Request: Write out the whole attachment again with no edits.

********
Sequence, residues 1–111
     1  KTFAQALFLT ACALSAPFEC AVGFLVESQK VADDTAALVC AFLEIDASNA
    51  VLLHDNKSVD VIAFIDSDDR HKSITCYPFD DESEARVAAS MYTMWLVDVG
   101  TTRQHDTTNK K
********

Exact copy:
Sequence, residues 1–111
     1  KTFAQALFLT ACALSAPFEC AVGFLVESQK VADDTAALVC AFLEIDASNA
    51  VLLHDNKSVD VIAFIDSDDR HKSITCYPFD DESEARVAAS MYTMWLVDVG
   101  TTRQHDTTNK K